Russia-Zim cold war front

Putin drags Zim, Sadc region to new front

Business Day- News Analysis

29 September 2014 

Zimbabwean President Robert Mugabe, right, shares a light moment with Russian Foreign Affairs Minister Sergey Lavrov at Great Dyke Mine in Darwendale, Zimbabwe, on Wednesday. Picture: REUTERS

JOHANNESBURG - Russia’s arrival in Zimbabwe with a billion-dollar investment after President Robert Mugabe’s trip to China is helping to turn the country — and the Southern African Development Community — into a new Cold War front.

Besides trade and investment agreements, the countries signed an arms deal which, says Russian Trade minister Denis Manturov, will see Russia supply military hardware, helicopters and trucks to Zimbabwe.

Manturov preceded his Foreign minister Sergei Lavrov to Zimbabwe two weeks ago where they sealed several agreements that include a platinum mining deal worth $3 billion. It will be the biggest such project in Zimbabwe and will create thousands of jobs.

This month Mugabe visited old ally China where he signed several infrastructural development agreements. But it is the deals with Russia that are reviving memories of the Cold War — the high political and military tension between western and eastern powers that lasted for decades after the Second World War.

The tensions between the two power blocs purportedly ended with the fall of the Berlin Wall in 1989, but continued to simmer under the surface, playing out in the United Nations Security Council. In Zimbabwe’s case, China and Russia have stood with Mugabe steadfastly whenever the West has tried to tighten measures against his regime.

Mugabe has been under western sanctions since the turn of the millennium. The US introduced targeted economic measures through the Zimbabwe Democracy and Economic Recovery Act, 2001 which blocked access to international credit for black-listed people. The European Union (EU) followed with freezes of assets and investments belonging to top party and state officials deemed to be propping up Mugabe’s misrule.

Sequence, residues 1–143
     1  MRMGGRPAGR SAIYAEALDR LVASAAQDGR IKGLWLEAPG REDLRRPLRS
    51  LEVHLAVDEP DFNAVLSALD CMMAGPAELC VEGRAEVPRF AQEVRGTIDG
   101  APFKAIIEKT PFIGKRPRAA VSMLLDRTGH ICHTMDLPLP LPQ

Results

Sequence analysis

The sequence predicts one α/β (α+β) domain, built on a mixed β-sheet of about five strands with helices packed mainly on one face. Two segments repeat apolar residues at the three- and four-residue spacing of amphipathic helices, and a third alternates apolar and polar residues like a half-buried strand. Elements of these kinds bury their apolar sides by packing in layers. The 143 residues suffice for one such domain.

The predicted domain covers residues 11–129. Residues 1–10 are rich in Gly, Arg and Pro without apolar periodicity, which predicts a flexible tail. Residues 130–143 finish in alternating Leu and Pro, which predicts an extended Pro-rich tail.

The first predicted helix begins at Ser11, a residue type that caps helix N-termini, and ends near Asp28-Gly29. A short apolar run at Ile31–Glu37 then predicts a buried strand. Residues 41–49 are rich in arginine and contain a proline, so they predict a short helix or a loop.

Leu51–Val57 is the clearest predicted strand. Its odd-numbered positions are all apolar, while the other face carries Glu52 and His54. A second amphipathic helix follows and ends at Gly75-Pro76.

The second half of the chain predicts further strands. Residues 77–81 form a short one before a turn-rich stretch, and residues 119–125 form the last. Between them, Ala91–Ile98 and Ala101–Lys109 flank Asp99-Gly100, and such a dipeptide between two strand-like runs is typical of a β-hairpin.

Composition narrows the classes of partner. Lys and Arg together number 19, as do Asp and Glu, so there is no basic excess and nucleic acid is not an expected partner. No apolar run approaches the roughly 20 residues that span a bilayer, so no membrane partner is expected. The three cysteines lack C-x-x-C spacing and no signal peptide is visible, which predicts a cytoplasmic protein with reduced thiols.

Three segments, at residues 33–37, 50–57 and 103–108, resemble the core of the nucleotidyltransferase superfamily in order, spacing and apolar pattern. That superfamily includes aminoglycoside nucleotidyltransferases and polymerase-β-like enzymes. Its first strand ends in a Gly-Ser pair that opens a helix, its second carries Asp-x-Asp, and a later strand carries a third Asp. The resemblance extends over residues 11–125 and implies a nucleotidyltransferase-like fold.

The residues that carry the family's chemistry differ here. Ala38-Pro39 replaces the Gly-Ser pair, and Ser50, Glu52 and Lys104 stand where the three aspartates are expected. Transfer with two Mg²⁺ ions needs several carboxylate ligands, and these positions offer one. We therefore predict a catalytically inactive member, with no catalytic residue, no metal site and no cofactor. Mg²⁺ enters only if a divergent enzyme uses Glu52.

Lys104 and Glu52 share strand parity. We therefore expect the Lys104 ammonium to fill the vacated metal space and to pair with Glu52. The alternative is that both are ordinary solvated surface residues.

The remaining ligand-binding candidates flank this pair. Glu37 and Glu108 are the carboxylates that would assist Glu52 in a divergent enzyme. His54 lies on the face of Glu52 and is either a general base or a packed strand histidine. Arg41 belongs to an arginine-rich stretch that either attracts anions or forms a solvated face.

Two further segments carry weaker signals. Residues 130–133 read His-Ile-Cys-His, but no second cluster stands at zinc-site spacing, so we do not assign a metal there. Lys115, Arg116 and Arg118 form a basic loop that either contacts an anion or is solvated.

The president will hurtle himself into the hands of anyone who will save his regime as the rebellious populace remains restive. He controversially won last July’s elections with a landslide but a year later not a single promise in his party’s manifesto has been fulfilled. He promised to create two million jobs in a country where unemployment is a staggering 85 percent and the economy is mainly in the informal sector.

The West has also imposed sanctions on President Vladimir Putin’s Russia over his handling of the Crimean crisis and his actions in Ukraine, and these have had devastating effects on the Russian economy. The rouble this week crashed to a record low.

As during the Cold War, Russia is scrambling to get allies in Africa in order to stem western influence. It will also need Africa’s limitless resources to keep its economy going in the face of its fight with the West.

During the Cold War a number of proxy wars were fought in Africa over resources, leaving millions of Africans dead and the affected countries none the richer for them. These wars are likely to resurface in different forms.

The EU was set to lift the remaining economic measures against Mugabe and his government early in November. The US has also continued to give humanitarian aid to Zimbabwe over the years. Whether in the light of Zimbabwe’s new friendship with Russia, the western bloc will continue its carrot-and-stick approach to formalising relations with Zimbabwe is now uncertain.

But the new Cold War frontier is unlikely to be restricted to Zimbabwe. Mugabe is the chairman of 15-member regional bloc Southern African Development Community until August next year. He will also assume chairmanship of the continental bloc, the African Union in January. He is considered to be “the elder statesman” in most of Africa. — Bday